How to Analyze
Notes on a lecture by NM Scott Massey
NM Scott Massey lectured on October 20, 2005 at the Kenilworth Chess Club on "how you analyze" during a game. He began by considering some criteria that have been developed over the years by several chess writers, which show a certain progression from focusing on the opening, to the middlegame, and then to the endgame. Then he looked at a famous game, Steinitz-Rosenthal, Vienna 1873 (see below), where we could see various modes of analysis in action. The following are simply notes on what he covered and cannot possibly repeat more than the basics for those who missed the lecture.
Wilhelm Steinitz famously wrote that "You must attack to win" and "Many advantages are temporary." When these remarks are repeated these days, people generally see him as saying that as soon as you have an advantage you must attack or risk allowing that advantage to slip away. But how did Steinitz evaluate an advantage? He offers the following principles in his writings:
These principles are really the principles we see at the beginning of the game when the fight is over the center and development. They move into the middlegame and ending to some extent, but it is interesting that one of the first writers to offer a systematic approach to analysis gives us principles that are most helpful in the opening stages.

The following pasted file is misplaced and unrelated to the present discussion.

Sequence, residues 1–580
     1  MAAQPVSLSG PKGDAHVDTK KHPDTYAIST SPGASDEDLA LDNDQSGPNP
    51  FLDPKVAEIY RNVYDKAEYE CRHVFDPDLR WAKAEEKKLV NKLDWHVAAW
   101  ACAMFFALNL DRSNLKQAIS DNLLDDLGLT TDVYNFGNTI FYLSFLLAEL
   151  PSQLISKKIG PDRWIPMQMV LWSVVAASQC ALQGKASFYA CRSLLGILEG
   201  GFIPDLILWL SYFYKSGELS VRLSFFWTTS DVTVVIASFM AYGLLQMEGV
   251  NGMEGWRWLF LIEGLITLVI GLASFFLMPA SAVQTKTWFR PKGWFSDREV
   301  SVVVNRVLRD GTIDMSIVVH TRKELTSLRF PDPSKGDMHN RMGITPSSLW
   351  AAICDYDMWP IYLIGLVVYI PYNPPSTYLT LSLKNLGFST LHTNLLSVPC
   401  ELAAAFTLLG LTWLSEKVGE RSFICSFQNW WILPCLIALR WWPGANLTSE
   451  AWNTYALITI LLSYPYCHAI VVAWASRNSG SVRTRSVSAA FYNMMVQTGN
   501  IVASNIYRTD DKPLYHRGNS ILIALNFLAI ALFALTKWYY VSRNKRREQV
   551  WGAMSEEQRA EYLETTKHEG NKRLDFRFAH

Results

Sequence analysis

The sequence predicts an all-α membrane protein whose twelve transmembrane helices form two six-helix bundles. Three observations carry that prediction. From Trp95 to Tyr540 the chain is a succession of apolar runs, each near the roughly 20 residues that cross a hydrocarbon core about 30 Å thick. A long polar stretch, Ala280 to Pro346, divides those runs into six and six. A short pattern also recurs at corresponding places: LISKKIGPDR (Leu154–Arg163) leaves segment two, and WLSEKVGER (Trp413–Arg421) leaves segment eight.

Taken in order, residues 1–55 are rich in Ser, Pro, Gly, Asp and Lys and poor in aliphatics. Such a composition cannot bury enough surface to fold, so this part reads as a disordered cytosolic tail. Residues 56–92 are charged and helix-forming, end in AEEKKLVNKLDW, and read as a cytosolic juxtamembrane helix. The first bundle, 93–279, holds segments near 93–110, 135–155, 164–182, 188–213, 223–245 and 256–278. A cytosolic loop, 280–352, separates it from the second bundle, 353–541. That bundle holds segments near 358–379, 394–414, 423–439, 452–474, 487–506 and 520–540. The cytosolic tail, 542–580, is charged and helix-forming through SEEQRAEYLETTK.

Moving into the Middlegame
A different set of criteria, much simplified compared to Steinitz, are offered by Reuben Fine in his book The Middle Game in Chess:
These are principles that are most helpful in thinking about the middlegame as you are making decisions and planning your next move.
"What if the Queens came off?"
More recent writers have thought about the implications of decisions at every stage of the game upon the endgame. In what he calls the "Static Evaluation of a Position," Iossif Dorfman offers the following criteria, which are invaluable for any concrete evaluation of a position:
The most significant item is "Who has the better position after the exchange of queens?" Clearly, for Dorfman the ending is always in view. He prefaces his criteria by distinguishing between what he calls "static" and "dynamic" issues--"static" issues being those that are most important long-term:
"Candidate moves are chosen in accordance with the static balance. By static are implied factors that have enduring effect, whereas dynamic factors are change in a state of the position--with the energy of a break through, with the coming into contact with the opposing army, with the passage of time, their role diminishes and reduces to naught. Find a critical position (a turning point in the play, a moment when there is a possible change in the hierarchy of stategic elements)--a position in which a decision has to be taken regarding a possible exchange or a possible change in pawn formation or the end of a series of forced moves. If for one of the players the static balance is negative, he must without hesitation employ dynamic means and be ready to go in for extreme measures." --Dorfman